6. The better inverters make an actual nice, clean a/c signal. Mid-range ones make a stepped square wave, and the cheapest just make a noisey square wave. Most of them are nasty, though, and some things won't work well with the power they provide. They also tend to make a huge amount of electrical noise and rf. None that I"m familiar with reverse polarity to generate the wave, though.

7. ## Invertor. DC-to-AC.

Originally Posted by jadnashua
The better inverters make an actual nice, clean a/c signal. Mid-range ones make a stepped square wave, and the cheapest just make a noisey square wave. Most of them are nasty, though, and some things won't work well with the power they provide. They also tend to make a huge amount of electrical noise and rf. None that I"m familiar with reverse polarity to generate the wave, though.
off-topic, I'm wondering if a cheap invertor made for car lighter plugs can be used to charge a new Nokia cell phone without damage (to the Nokia).

David
p.s. also off-topic.
Originally Posted by jwelectric
....Have you learned how to transform DC?
Huh? clarity please, if you want to ask a direct question instead of addressing the subject as a subject matter expert. Or, just be a subject matter expert and share what you know, gently.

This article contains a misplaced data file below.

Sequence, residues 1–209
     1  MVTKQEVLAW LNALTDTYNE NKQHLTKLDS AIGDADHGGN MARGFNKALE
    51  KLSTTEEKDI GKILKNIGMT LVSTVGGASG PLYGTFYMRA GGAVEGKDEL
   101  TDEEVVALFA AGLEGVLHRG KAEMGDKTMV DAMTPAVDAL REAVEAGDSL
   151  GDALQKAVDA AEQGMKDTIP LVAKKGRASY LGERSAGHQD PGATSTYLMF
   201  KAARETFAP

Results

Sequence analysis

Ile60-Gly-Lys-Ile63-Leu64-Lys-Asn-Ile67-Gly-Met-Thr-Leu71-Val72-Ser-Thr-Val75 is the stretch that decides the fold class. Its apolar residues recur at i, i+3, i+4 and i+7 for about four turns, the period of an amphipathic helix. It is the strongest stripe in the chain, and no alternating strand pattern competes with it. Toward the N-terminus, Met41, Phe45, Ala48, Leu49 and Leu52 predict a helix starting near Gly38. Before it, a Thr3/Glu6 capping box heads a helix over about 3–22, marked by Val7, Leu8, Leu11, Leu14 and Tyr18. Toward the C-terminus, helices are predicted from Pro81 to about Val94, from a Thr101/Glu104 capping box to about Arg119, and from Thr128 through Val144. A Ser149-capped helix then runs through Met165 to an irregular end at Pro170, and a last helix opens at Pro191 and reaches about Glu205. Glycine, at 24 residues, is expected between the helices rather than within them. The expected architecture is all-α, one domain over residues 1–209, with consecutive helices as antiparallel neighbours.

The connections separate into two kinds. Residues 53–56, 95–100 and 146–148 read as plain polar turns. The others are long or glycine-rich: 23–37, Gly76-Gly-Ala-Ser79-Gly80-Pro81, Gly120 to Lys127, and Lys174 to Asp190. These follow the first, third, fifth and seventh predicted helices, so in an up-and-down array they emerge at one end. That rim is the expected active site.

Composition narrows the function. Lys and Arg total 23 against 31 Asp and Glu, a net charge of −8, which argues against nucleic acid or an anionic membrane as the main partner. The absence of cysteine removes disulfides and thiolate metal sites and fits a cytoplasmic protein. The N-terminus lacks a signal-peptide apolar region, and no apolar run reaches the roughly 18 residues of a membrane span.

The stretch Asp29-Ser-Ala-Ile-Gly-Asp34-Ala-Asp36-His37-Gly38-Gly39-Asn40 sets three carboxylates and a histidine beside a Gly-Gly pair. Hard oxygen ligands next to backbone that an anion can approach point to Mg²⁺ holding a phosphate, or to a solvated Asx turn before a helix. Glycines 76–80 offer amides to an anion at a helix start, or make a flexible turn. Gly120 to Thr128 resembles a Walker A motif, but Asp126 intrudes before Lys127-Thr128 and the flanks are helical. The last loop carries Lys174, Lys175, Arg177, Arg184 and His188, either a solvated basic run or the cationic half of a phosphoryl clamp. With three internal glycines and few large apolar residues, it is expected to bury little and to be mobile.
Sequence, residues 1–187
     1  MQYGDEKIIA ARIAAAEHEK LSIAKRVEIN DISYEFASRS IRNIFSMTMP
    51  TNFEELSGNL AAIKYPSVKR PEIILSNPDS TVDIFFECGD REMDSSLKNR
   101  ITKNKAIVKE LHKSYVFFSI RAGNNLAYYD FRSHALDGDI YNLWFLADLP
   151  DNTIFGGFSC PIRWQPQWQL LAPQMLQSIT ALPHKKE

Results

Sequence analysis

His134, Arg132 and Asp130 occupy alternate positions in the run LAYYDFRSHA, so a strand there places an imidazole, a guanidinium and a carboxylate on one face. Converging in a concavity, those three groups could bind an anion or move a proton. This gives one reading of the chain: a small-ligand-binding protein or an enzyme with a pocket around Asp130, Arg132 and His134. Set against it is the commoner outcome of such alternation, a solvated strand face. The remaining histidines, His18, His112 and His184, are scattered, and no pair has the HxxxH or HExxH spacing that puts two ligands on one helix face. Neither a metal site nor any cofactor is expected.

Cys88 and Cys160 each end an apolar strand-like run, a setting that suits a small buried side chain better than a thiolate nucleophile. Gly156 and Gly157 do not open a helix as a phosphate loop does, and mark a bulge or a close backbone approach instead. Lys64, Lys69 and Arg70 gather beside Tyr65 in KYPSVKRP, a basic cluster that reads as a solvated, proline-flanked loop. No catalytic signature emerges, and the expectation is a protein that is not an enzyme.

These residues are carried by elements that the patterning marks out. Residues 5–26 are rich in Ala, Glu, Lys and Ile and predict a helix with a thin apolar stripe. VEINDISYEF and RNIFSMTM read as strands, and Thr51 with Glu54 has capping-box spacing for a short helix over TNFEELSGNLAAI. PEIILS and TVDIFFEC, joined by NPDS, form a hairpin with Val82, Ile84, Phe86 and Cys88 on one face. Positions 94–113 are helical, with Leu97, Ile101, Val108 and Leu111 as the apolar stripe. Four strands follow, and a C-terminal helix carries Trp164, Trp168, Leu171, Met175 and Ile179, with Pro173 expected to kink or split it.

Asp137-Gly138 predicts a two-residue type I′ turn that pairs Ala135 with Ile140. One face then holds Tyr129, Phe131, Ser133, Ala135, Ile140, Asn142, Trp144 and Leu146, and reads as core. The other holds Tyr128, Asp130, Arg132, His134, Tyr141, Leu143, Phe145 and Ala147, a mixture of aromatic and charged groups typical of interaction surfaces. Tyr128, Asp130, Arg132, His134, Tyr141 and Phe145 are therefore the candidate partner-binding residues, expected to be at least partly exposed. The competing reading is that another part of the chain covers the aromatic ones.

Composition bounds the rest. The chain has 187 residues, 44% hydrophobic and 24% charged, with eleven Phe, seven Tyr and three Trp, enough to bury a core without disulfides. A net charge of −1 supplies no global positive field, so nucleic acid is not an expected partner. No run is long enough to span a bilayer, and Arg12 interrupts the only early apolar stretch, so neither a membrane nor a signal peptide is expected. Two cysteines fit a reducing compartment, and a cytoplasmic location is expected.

8. For the cost of an inverter, (while maybe useful for various things), I think you'd be better off with their car charger cord. I'm lusting after their new N95...maybe when a carrier picks it up to subsidize (ATT listening?).

9. i have a 1st generation invertor but I'm wary about using it on a new Nokia. Unless I hear that new devices can handle a dirty wave signal.

david

10. Originally Posted by geniescience
Originally Posted by jwelectric
Have you learned how to transform DC?
p.s. also off-topic. Huh? clarity please, if you want to ask a direct question instead of addressing the subject as a subject matter expert. Or, just be a subject matter expert and share what you know, gently.